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Double whammy for housing in February…

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Low temperatures and low inventory were a double whammy for housing in February, as sales of existing homes fell 6.6% while new home sales plunged 18.2% from January. However, sales of both new and existing homes were higher compared to February of last year. While bad weather certainly put a freeze on sales, the lack of supply was an even greater challenge, especially among existing homes with inventory almost 30% lower than February of last year.

Inflation was tame in February per the Fed’s favored measure, Personal Consumption Expenditures. However, inflation is expected to rise this spring – and that could impact both Mortgage Bonds and the home loan rates tied to them. Don’t miss the explanation about this below. And of immediate note, a large cargo ship is blocking the Suez Canal, which is impeding global trade and could cause some spikes in inflation.

 

Over in the labor sector, Initial Jobless Claims fell below 700,000 in the latest week for the first time since the pandemic began, while the number of people continuing to receive regular benefits also declined. Despite the rosy headlines, it’s important to take stock of the entire picture. Pandemic Emergency and Unemployment Assistance claims both increased in the latest week, as did the total number of people receiving benefits from all programs, which is now at 19 million. This is compared to just 2 million people in the comparable week from last year.

The final reading for fourth-quarter 2020 Gross Domestic Product came in at 1.9% versus the 2% that was expected. This decline reflects the effects of the stimulus from early last year wearing off. Year-over-year growth was reported at 4.3%, above the 4.1% estimated. However, the Atlanta Fed did cut its estimate for the first quarter 2021 annualized rate from 5.6% to 5.4%.

Lastly, Thursday’s 7-Year Note Auction was met with weak demand, which prompted a selloff in Bonds. However, the auction was not as bad as the one in February which had a much larger negative impact on Mortgage Bonds.

The Lowdown on Low Inventory of Existing Homes

Existing Home Sales, which measure closings on existing homes, fell 6.6% from January to February. However, sales were up 9.1% year over year.

Low inventory remains a challenge across the country, as there were just 1.03 million homes for sale at the end of February. This equals a 2-month’ supply of homes, just above the record low of the 1.9-months supply that was available at the end of January. Inventory is almost 30% lower than it was in February of last year. With this stiff competition, properties sold in 20 days on average, which is another record low.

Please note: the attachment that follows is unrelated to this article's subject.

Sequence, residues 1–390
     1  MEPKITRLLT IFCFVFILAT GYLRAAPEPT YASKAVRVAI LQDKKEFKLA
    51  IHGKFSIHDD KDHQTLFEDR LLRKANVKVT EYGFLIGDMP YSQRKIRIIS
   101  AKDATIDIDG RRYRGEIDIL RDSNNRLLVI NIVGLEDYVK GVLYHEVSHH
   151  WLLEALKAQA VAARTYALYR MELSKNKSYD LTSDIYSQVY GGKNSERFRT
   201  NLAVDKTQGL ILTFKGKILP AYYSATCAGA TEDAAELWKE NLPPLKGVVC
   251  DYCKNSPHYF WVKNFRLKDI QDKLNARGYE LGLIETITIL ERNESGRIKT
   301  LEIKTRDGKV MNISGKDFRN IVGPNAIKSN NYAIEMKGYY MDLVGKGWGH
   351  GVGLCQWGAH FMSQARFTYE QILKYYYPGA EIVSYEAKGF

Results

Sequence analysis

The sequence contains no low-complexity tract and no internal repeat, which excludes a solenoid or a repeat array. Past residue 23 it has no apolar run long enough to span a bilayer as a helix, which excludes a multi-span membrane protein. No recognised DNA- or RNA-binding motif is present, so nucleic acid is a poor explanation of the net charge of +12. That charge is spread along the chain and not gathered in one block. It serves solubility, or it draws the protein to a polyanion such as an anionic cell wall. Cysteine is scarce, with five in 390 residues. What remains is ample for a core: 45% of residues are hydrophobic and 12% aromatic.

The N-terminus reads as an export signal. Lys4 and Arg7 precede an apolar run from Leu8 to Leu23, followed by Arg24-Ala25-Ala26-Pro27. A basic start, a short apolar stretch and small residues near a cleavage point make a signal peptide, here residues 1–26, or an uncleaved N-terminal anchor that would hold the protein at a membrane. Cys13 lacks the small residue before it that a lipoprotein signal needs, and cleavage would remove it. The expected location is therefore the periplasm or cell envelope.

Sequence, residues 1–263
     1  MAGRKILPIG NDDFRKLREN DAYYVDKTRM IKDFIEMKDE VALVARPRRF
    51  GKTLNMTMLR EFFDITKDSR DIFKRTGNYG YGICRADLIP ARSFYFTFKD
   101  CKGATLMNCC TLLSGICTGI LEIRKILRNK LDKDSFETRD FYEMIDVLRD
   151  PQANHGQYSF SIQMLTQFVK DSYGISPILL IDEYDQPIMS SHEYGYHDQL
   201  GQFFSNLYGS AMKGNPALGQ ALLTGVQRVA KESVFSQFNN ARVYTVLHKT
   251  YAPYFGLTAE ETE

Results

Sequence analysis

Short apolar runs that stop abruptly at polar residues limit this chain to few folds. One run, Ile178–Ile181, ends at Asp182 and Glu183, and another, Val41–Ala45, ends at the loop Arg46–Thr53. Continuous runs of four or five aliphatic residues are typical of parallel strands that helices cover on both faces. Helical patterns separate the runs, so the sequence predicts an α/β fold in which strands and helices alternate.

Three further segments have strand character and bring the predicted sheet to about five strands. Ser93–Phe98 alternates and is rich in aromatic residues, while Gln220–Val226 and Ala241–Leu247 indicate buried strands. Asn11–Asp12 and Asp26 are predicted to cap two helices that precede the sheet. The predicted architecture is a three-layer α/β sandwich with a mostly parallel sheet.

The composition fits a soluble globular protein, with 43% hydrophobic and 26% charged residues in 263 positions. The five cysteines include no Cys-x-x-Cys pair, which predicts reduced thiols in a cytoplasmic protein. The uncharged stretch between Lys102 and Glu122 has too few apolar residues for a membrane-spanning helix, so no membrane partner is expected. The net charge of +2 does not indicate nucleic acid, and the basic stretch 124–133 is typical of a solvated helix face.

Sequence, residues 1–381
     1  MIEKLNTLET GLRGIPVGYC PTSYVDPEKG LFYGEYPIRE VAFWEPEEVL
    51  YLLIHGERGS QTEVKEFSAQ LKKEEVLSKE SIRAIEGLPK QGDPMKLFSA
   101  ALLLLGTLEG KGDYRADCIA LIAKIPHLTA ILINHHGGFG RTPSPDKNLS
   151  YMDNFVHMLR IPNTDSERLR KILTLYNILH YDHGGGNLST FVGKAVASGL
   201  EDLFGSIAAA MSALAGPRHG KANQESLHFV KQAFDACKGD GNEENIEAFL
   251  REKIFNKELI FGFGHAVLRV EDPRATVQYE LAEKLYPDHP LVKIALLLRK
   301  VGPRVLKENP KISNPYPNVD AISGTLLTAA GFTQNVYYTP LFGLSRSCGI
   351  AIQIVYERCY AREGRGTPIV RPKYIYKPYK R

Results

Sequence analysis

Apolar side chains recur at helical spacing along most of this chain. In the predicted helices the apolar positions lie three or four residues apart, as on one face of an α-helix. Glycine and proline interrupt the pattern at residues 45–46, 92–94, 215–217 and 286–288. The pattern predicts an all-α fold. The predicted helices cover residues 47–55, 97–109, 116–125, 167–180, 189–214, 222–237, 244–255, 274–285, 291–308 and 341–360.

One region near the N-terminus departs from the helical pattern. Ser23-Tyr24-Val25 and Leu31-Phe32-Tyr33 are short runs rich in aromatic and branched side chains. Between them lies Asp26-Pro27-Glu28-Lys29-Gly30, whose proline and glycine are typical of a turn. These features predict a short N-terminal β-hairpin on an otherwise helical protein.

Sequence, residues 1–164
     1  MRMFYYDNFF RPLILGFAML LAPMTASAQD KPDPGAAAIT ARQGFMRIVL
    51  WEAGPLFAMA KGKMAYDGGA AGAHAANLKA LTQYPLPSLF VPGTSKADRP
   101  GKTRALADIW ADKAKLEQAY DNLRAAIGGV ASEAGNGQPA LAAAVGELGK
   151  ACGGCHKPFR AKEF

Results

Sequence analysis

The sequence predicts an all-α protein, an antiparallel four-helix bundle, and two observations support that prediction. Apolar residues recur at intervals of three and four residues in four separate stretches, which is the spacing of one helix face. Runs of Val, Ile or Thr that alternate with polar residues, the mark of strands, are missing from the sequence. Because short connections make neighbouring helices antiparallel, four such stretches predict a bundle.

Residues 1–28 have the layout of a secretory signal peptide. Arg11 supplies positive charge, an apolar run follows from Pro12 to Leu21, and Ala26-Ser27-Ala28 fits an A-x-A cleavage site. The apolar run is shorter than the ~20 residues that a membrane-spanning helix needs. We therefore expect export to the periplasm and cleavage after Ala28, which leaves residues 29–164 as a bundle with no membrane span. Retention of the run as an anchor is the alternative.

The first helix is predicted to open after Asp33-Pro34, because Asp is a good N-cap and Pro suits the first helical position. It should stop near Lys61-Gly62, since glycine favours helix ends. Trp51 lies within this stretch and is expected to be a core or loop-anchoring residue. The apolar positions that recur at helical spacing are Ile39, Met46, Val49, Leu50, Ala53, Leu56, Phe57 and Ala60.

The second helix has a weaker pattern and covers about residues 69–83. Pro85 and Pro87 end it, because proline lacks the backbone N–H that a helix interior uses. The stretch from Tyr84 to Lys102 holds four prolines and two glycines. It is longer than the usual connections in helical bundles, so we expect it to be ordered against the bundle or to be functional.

The median home price was $313,000, up almost 16% year over year. Note, this is not the same as appreciation. It simply means half the homes sold were above that price and half were below it. Sales on the low end were down 25%, while homes above $1 million were up 81%. This dragged the median home price higher.

Even with the stiff competition for lower-priced homes, first-time homebuyers accounted for 31% of sales in February while cash buyers increased from 20% to 22%. Investors purchased 17% of homes, up from 15%.

Lawrence Yun, the chief economist for the National Association of REALTORS, said, “I still expect this year’s sales to be ahead of last year’s, and with more COVID-19 vaccinations being distributed and available to larger shares of the population, the nation is on the cusp of returning to a sense of normalcy. Many Americans have been saving money and there’s a strong possibility that once the country fully reopens, those reserves will be unleashed on the economy.”

Winter Weather Puts a Freeze on New Home Sales

New Home Sales, which measure signed contracts on new homes, were down 18.2% in February, which was much softer than expectations looking for a 6% drop. However, sales are still up 8.2% on a year over year basis.

What caused the sharp decline from January to February? Freezing weather around the country certainly played a role, as did low inventory, as there was just a 4.8 months’ supply of homes available for sale at the end of February. Quite simply, if there were more homes available, we would have seen more sales.

The median home price was reported at $349,400, up 5.3% from last year. Again, this is not the same as appreciation. It simply means half the homes sold were above that price and half were below it.

Inflation Remains Tame … For Now

Inflation rose 0.2% in February, which was lower than the 0.3% expected, per the Fed’s favored measure of inflation, Personal Consumption Expenditures (PCE). Year over year, the index increased from 1.4% to 1.6%.

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